Should you hire a Graphic Design Generalist or Specialist?

How To Hire A Professional Graphic Designer

vortex-miami-graphic-design-generalistsWhen a business needs a graphic or digital marketing firm to revamp their website, sales promotion designs, or presentation design and branding, there’s an important choice that must be made. What’s better, a designer specializing in your industry or a graphic design generalist?

The design specialist will have an intimate knowledge of your industry. For example, a real estate design specialist may have created development project marketing materials, identity, sales brochures and signage, but chances are that they’ve done little or nothing outside of real estate.

A generalist, on the other hand, has worked in a wide variety of industries and clients. These graphic designers often take more initiative when it comes to research and concept development, working closely with their clients to meet goals unique to both the business and the industry.

While both graphic design generalists and specialists have their advantages, here are five reasons why a generalist may be a better choice:

  1. Generalists will offer a fresh look at your industry – While a specialist may be able to provide a time-tested, tried and true method of design, it essentially becomes a one-size-fits-all solution to unique problems. Generalists tend to be able to present a product or service with a truly innovative approach. The specialist is always looking in the rearview mirror, asking what has worked in the industry whereas the generalist looks at a wider range of business sectors before proposing what will work best.
  1. Generalists will offer a broader perspective – Businesses and industries may have certain unwritten rules or traditions about their graphic design process that only a specialist knows. However, the generalist can see beyond that and look at the patterns in varying projects (https://vortexmiami.com/design/), disparate industries, or during different time periods. They’re able to see the trends in designs across the board and apply them to any project, unlike a specialist who may only able to incorporate the trends in one industry.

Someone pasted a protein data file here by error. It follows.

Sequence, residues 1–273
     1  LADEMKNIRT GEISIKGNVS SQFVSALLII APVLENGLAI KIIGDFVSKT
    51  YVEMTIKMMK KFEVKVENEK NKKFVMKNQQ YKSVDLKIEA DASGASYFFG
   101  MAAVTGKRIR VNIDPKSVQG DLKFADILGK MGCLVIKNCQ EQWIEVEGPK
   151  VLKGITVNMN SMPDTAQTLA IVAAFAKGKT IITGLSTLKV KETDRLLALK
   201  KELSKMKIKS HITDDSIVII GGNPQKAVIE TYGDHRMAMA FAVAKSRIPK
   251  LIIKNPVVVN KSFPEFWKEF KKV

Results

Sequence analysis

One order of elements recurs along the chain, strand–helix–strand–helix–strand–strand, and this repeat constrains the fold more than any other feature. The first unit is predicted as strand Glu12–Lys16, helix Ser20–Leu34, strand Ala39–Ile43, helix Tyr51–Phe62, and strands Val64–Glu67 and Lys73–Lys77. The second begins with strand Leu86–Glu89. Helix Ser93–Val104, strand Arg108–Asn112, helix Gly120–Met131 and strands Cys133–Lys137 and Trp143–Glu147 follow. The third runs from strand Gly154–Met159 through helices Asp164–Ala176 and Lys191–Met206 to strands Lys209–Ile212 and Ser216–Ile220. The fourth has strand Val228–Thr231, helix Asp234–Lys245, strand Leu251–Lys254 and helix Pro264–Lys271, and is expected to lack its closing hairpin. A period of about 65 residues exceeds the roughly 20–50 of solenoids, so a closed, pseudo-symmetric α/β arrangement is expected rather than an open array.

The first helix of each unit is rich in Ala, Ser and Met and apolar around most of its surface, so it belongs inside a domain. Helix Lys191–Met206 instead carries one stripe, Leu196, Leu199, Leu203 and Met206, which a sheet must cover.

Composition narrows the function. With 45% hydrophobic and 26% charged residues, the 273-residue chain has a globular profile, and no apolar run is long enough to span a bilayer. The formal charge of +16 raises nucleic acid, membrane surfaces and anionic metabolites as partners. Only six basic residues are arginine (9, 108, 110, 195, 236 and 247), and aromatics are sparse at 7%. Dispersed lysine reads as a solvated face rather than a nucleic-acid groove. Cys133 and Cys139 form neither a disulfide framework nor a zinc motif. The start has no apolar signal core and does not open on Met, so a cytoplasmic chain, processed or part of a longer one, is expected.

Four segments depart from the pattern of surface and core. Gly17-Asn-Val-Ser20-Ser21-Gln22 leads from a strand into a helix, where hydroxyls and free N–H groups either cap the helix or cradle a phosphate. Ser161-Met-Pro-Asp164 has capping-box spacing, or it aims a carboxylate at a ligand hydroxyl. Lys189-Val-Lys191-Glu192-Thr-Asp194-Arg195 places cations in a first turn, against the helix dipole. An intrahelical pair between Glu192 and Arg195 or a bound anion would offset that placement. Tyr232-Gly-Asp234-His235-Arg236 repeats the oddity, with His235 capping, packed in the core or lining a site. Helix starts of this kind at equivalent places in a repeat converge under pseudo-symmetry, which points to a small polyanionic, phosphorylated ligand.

1. Generalists will be able to introduce new production methods – A specialist may rely on tried and true production techniques while generalists will have a more expansive knowledge of processes and methodologies. A specialist’s adherence to existing approaches may allow them to get from start to finish more quickly, but the generalist’s wider knowledge allows for more innovative production solutions that can provide needed project cost advantages or flexibility.
  1. Generalists will provide more interaction – Specialists know what they’re doing; they’ve done it before and they’ll do it again. Generalists need a certain amount of education and guidance during the process, allowing for more dialogue, evolution of concepts and refinement.
  1. Generalists will often cost less – If a business is looking for a specialist, they’ll likely be budgeting a pretty penny for them. Specialists tend to be in high demand, but are in short supply. Generalists, allowing them to take on more clients and therefore are able to charge less. Generalists can be more productive and efficient by working with tools and methods a specialist may not have experience with.

Overall, a good rule of thumb for a business is to seek out a generalist when you have more time to explore options and value new creative perspective and a specialist when you face tighter deadlines and production constraints.

If you’re not sure where and how to begin searching for a design firm, you might want to read this post.
About the author: Tom Weinkle is a founder and partner of Vortex Communications, a graphic and website design firm who offers graphic and WordPress web design, build, troubleshooting and training services along with search optimization, social media and inbound marketing services. Based in Miami, Florida, Tom has over 25 years of experience in visual communications for the healthcare, medical, law, accounting, software, financial services and banking industries.

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